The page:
The river is fairly narrow but quite fast flowing, even in summer. The river flows out from Loch Gaineamhach further inland. I found the path but it is quite muddy initially, hemmed in between fences beside the river and clearly well walked. This comes down to a gate where it is now less muddy. There are stepping stones marked on the map but sadly they are quite far apart and several of them are covered by the water. The dry stones are too far to be able to step over safely so to cross the river is going to be a shoes and socks off job. I decided against that and so instead decided to continue down the left side of the river.

Cuaig beach stepping stones

I am hoping that nearer the shore, where there is a sandy beach the river will widen over the sand making it shallower and easy to cross. Sadly it doesn’t but the path leads me to some ruined buildings, built part into the cliffs. I wonder what they were for. To store fishing equipment perhaps. Or even an old mill? I don’t know.

Abhainn Chuaig, Cuaig

The path I have been following ends here. In theory I could try and make my way over the sea-weed covered rocks to the sandy beach beyond. However I can see a lot of water and not much sand. I think the tide is coming in and has already cut off the bit of sand I can see, which is actually a sandbank and I can’t really see from here if the river is easier to cross. I also find that every time I stop I get surrounded by midges.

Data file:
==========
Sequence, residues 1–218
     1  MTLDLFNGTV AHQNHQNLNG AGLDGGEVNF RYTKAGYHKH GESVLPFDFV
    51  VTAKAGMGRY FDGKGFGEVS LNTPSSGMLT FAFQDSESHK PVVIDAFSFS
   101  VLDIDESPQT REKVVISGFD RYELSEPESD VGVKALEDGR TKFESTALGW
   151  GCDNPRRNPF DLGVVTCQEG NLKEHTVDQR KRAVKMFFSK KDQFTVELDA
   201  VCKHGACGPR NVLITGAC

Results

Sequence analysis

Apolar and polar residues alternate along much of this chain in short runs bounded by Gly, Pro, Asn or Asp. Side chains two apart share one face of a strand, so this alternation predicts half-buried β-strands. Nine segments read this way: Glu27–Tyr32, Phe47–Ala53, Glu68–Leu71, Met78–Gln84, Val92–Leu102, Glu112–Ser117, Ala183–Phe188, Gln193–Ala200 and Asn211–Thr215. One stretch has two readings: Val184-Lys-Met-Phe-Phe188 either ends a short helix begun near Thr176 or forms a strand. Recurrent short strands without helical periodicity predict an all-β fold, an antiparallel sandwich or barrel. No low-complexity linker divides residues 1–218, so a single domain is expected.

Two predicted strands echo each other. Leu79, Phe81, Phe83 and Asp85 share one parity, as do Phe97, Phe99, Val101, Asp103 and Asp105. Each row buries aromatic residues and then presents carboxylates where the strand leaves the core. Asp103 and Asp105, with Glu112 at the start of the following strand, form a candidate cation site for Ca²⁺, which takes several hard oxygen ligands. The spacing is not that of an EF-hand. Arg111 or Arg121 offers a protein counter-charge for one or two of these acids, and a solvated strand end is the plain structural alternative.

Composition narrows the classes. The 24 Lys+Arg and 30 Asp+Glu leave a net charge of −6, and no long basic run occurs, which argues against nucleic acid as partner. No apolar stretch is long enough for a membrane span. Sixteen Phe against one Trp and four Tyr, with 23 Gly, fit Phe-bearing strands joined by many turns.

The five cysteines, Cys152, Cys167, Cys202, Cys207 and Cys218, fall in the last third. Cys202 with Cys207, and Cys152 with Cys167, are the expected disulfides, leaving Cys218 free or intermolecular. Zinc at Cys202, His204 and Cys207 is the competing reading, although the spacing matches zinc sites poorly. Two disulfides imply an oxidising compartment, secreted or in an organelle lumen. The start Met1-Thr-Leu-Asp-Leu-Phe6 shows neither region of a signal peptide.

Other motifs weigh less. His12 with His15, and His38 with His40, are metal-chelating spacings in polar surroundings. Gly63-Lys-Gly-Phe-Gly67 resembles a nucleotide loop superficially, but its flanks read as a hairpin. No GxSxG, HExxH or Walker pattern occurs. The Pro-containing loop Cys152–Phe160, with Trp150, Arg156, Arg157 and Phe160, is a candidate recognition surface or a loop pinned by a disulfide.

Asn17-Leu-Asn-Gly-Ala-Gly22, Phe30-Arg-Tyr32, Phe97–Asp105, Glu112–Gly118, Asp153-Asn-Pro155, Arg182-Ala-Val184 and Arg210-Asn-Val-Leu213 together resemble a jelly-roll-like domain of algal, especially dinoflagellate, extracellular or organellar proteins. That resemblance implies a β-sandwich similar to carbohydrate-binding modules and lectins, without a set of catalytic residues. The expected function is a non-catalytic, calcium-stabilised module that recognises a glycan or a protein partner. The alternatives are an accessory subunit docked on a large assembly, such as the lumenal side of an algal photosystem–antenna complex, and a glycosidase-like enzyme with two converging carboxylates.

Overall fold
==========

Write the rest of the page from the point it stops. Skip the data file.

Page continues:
So I decide to abandon my attempts to reach the beach at this point. I could do so if I really wanted to but I can see most of the beach from here anyway so I am pleased to make it to this point on the shore even if I didn’t make it down onto the beach.

Abhainn Chuaig, Cuaig

At this point it was time to head back uphill to my car, re-tracing my steps along the road.

It had been a good day, albeit a bitty one as I’d basically done 3 separate walks, that had ultimately joined up to mean I’d walked from Kenmore to the view point just south of Cuaig today. That wasn’t a massive distance but given the lack of buses I’d had to transport myself both there and back using a mixture of walking both ways, the path inland across the northern part of the peninsula and cycling. I was pleased with the progress I’d made and I had enjoyed the northern part of the peninsula very much especially the views to the west over the many islands. The west coast of Scotland has so many islands!